Although this search can be helpful, it is more useful to be able to filter by the features that interest us. To do this, you can apply filters on the columns that affect the whole Dataframe.

To find all the people in the Dataframe who are a woman

df[df['Gender'] == 'Female']


Name Gender Job
Sophia Female Software Engineer

Create a new column in Pandas

We will add a column with the age of each one.

df['Age'] = pd.Series([29,25])


  Name Gender Job Age
0 William Male Data Engineer 29
1 Sophia Female Software Engineer 25

Drop a column in Pandas

To remove a column or a row you must use the drop function specified which axis it belongs to.

#Drop column
df.drop('Age', axis=1, inplace=True)
#Drop row
df.drop(0, axis=0, inplace=True)

GroupBy in Pandas

The functionality of GroupBy is the same as in other programming languages or databases. It consists of grouping on an attribute and calculating all the values of each group.

First, as always, we will create our Dataframe. In this small test, we will use the previous Dataframe but adding more people and a column with the age of each one.

data = [['William', 'Male', 'Data Engineer', 32], ['Sophia', 'Female', 'Software Engineer', 18], ['Daniel', 'Male', 'Data Scientist', 29]]
labels = ['Name', 'Gender', 'Job', 'Age']

df = pd.DataFrame(data, None,labels)


  Name Gender Job Age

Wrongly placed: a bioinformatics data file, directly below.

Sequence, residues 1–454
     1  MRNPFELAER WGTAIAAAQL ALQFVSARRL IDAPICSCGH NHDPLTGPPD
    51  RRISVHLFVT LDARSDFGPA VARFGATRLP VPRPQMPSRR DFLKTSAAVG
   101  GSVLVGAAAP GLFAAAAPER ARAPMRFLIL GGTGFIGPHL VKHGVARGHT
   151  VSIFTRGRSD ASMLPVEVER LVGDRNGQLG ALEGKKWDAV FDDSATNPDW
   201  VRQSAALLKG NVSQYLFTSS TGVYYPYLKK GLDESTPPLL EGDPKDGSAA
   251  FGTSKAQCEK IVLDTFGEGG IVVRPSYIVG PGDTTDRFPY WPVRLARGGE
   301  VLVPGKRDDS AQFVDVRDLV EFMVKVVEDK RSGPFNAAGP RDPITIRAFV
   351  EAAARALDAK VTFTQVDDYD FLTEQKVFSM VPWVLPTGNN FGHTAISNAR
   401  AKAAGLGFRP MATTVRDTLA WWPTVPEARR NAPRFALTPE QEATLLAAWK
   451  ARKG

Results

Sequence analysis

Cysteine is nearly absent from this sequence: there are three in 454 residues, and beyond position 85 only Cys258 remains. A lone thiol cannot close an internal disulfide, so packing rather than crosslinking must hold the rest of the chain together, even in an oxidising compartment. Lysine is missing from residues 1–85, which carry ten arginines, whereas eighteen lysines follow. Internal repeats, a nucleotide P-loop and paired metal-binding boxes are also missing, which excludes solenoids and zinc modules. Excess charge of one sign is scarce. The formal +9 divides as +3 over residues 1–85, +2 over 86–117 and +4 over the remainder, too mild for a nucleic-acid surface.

0 William Male Data Engineer 32
1 Sophia Female Software Engineer 18
2 Daniel Male Data Scientist 29

We create a GroupBy object using gender label and then we calculate the average of each group.


In addition to the average, other calculations can be used, or all of them can be performed using the describe() function.

Relevant functions

Delete rows that have any column with a NaN value.


Delete columns that have any NaN value.


Replace each of the values that are NaN.

df.fillna('Missing this value')

Return the first 5 rows.


Return the single values of a column (they are not repeated)


Count the number of values of each type in a column.


Sort the Dataframe by column values.


Transforming the structure by pivoting in Pandas

This function is very useful when we want to restructure the data to make a better visualization and show the data in table format. To do this, you must specify what values we want to pivot from our dataframe as column, values, and indexes.

df.pivot_table(values='Age', index=['Gender'], columns=['Job'])


Job Data Engineer Data Scientist Software Engineer
Female NaN NaN 18.0
Male 32.0 29.0 NaN

Pandas multi-index

This is a more advanced feature of Pandas, however, it can be very useful in some situations. Besides the numerical index that dataframe has, we can establish more indexes that help us to filter better.

In this case, we are going to create a Dataframe that will have multiple indexes if it belongs to a cloth or electronics database.

database = ['Electronics DB', 'Electronics DB', 'Clothes DB', 'Clothes DB']
index = [1,2,1,2]
multiple_index = list(zip(database, index))
multiple_index = pd.MultiIndex.from_tuples(multiple_index)

data = [['Mobile'],['TV'], ['T-Shirt'], ['Jeans']]

pd.DataFrame(data, multiple_index, ['Product'])


Electronics DB 1 Mobile
Electronics DB 2 TV
Clothes DB 1 T-Shirt
Clothes DB 2 Jeans


Pandas give us solutions to most of our problems in data manipulation. Therefore, it is important to use it because it saves us a lot of time in exploratory analysis and data cleansing.
Besides, we usually use many Dataframes that contain different data. To be able to put these Dataframes together when they have data in common or even when they are different, we use concatenation and joins. However, we will see this in the next post.